One of the best ways to enhance your resume is by using bullet points to set off key statements and information. Below we’ll cover bullet point best practices that help your resume stand out and catch the attention of hiring managers.

When To Bullet Your Information

Resist the urge to use too many bullets on your resume, making it harder for hiring managers to read your document and spot the most compelling details of your career. Reserve this formatting tool for your achievements and optionally for your job duties and profile sentences. Let’s look at when and how to use bullet points for each area.


Usually located in the professional experience section, achievements show how you’ve excelled in past jobs. For instance, did you create a training program or win an award? Did you streamline a process or rank high on your team? These are some of the most important details on your resume; bullet points help you draw the hiring manager’s eye to each one.

Achievements example

Business Change Manager, Assurant, Deadwood, SD | January 2017 to present

  • Worked with senior managers to optimize procedures and initiatives, increasing revenue by about $300,000 in 2021
  • Mentored and motivated a 25-person team to increase productivity by 32% last year
  • Introduced service practices that raised client satisfaction scores by 30 points in three years

Job Duties

Job duties typically belong in your experience section, like your achievements, but these points work differently. While achievements describe your positive impact and results, duties describe your work to generate those results. They cover the areas you were responsible for, the tasks you performed regularly, the size of the team or budget you managed, and the skills you applied.

Usually, your past job duties are somewhat less important than your achievements. But they’re still essential information on a resume and can be best shown in bullet form.

Duties example

Business Sales Development Manager, SelectQuote, Deadwood, SD | July 2012 to January 2017

  • Performed market research to find opportunities for growth and service diversification
  • Trained about 14 new hires per year on effective sales methods
  • Held focus groups with key clients to gauge their evolving business needs


Put your job duties in paragraph form in three cases:

1. When they’re necessary for context but significantly less important than what you achieved in the position
2. When they’re similar and can be condensed into just one or two lines
3. When your resume is too long, and you need to save space

Profile Sentences

Your resume profile – sometimes called a professional summary – is another great place to use bullet points. Bullets are especially helpful when your profile sentences are unrelated because you’ve pulled them from different parts of your background (often the case for career changers and entry-level applicants).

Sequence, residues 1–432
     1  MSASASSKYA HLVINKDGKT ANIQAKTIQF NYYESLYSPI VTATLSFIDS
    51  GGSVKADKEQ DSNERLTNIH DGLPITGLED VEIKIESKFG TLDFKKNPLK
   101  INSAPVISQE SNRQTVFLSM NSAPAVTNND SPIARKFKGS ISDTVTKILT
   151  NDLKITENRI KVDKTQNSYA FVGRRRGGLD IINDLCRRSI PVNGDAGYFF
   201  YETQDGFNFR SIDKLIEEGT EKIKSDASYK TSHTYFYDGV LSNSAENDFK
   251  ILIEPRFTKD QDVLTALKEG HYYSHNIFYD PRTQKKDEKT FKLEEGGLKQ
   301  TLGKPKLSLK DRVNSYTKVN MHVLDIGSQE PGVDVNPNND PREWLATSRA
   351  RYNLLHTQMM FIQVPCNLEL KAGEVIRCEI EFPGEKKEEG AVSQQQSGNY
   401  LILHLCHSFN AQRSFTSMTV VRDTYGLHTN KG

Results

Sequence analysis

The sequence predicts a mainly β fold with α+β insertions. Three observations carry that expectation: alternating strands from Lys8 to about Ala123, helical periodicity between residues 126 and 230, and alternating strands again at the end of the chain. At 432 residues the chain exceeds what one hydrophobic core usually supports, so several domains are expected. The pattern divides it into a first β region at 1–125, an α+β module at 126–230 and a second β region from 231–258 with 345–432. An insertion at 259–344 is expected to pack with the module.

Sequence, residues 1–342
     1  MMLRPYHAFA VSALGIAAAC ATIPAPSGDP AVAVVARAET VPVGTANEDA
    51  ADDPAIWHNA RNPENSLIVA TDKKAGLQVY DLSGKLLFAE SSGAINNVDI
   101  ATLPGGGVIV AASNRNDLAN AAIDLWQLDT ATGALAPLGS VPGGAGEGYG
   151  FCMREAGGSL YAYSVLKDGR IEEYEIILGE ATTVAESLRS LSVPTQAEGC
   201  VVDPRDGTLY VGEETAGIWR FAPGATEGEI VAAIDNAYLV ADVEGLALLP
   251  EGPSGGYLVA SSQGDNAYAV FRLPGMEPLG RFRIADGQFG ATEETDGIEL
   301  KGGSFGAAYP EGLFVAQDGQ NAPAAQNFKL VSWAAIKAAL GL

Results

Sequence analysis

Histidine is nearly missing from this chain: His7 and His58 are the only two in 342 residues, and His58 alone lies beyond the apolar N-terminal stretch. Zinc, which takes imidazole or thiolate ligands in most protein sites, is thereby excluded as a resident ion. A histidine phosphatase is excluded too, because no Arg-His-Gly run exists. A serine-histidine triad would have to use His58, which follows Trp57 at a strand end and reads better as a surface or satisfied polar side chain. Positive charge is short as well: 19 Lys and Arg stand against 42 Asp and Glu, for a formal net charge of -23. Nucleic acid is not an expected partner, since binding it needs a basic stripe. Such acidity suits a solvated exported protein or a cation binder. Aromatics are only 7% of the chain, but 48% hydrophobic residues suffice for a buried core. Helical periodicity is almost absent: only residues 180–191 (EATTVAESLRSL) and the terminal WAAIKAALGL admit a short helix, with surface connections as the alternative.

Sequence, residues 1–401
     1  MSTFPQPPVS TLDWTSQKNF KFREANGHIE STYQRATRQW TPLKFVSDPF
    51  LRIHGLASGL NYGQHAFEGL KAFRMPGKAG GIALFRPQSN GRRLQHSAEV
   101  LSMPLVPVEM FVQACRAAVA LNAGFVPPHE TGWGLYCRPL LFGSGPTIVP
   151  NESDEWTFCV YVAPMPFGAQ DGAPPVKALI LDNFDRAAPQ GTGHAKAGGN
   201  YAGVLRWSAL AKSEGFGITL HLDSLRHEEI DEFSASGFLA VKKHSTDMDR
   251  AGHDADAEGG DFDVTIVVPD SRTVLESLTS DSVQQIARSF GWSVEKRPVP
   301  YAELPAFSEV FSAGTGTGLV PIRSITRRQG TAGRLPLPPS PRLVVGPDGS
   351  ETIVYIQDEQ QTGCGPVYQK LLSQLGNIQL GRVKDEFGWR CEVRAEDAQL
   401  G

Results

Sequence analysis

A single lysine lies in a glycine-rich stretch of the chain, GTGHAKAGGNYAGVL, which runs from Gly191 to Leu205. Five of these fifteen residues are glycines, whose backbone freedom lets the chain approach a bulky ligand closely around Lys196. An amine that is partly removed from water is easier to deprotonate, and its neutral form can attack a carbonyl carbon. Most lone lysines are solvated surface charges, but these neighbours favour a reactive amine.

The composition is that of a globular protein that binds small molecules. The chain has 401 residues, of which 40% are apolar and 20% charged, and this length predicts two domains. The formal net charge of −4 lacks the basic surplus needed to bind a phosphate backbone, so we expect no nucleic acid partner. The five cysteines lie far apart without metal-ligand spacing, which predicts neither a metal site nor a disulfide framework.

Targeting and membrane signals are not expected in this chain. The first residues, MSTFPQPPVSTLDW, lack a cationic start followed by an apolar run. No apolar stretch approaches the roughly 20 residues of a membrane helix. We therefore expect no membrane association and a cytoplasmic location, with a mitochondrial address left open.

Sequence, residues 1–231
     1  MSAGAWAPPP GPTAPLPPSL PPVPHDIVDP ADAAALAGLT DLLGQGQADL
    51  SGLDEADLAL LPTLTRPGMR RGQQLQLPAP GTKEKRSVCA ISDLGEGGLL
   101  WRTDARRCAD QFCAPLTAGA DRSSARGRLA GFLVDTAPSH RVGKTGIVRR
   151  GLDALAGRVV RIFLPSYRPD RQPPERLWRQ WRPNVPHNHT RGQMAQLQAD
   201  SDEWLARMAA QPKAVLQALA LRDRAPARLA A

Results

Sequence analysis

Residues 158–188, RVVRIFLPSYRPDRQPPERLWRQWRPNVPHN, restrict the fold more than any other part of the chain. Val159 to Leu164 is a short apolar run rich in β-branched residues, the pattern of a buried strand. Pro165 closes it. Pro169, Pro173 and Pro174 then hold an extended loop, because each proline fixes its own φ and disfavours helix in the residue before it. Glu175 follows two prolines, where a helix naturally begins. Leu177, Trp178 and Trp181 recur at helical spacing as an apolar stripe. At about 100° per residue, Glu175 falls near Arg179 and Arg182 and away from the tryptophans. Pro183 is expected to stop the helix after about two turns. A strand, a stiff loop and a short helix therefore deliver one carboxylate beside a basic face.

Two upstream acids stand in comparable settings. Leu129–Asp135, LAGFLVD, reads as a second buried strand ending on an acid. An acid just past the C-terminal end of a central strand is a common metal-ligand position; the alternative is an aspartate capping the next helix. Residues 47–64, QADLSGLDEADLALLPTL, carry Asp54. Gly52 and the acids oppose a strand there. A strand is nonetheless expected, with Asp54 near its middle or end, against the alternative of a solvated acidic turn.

Profile example

Writing and Editing Professional 

  • Strong recent internship experience supporting editorial operations of a popular magazine
  • Completing Bachelor’s Degree in English and Creative Writing from Ohio University
  • Co-curricular activities include helping write and publish the university’s main campus newspaper
  • Dedicated to continually gaining and applying new skills
  • Bilingual: fluent in English and Spanish


When your profile points are all related, lump them into a single paragraph. This more cohesive format is usually better for senior or executive professionals whose profile points come from their recent work experience.

Frequently Asked Questions About Using Bullet Points on Your Resume

How many bullet points in a row are too many?-

While there’s no hard and fast rule, avoid more than six. If your list is running longer because you’ve been in one position for a long time or you have many impressive achievements, group your bullet points under subject categories such as “Revenue Growth,” “Process Improvement,” or “Project Highlights.”

Is it OK to repeat bullet points?-

It’s normally best to avoid repeating bullet points to keep your resume focused and concise, but there are exceptions. For instance, if you managed projects, used Agile methodologies, and collaborated cross-functionally in multiple roles, don’t omit this information in early jobs just because you mentioned it in your current job. Instead, write these bullet points differently to establish the unique context and scope of projects from your previous experience.

What is the best way to start each bullet point?-

With strong action verbs. Unlike passive phrases like “responsible for” or “tasks included,” action verbs help you get straight to the point and describe your duties and achievements concisely. Below are just some of the many great action verbs you can use:

Action Verbs
Achieved Analyzed
Coordinated Created
Developed Enhanced
Generated Improved
Initiated Launched
Led Managed
Negotiated Organized
Oversaw Presented
Ranked Resolved
Spearheaded Streamlined
Succeeded Trained
What are the best bullet point symbols?-

The simpler ones. Understated bullets keep the focus on your information and help ensure your resume gets parsed correctly by applicant tracking systems. The standard options are bullets (•), diamonds (⬥), and arrows (⮚). Choose whichever you prefer, but stick with the same bullet style throughout your document for a cohesive look.

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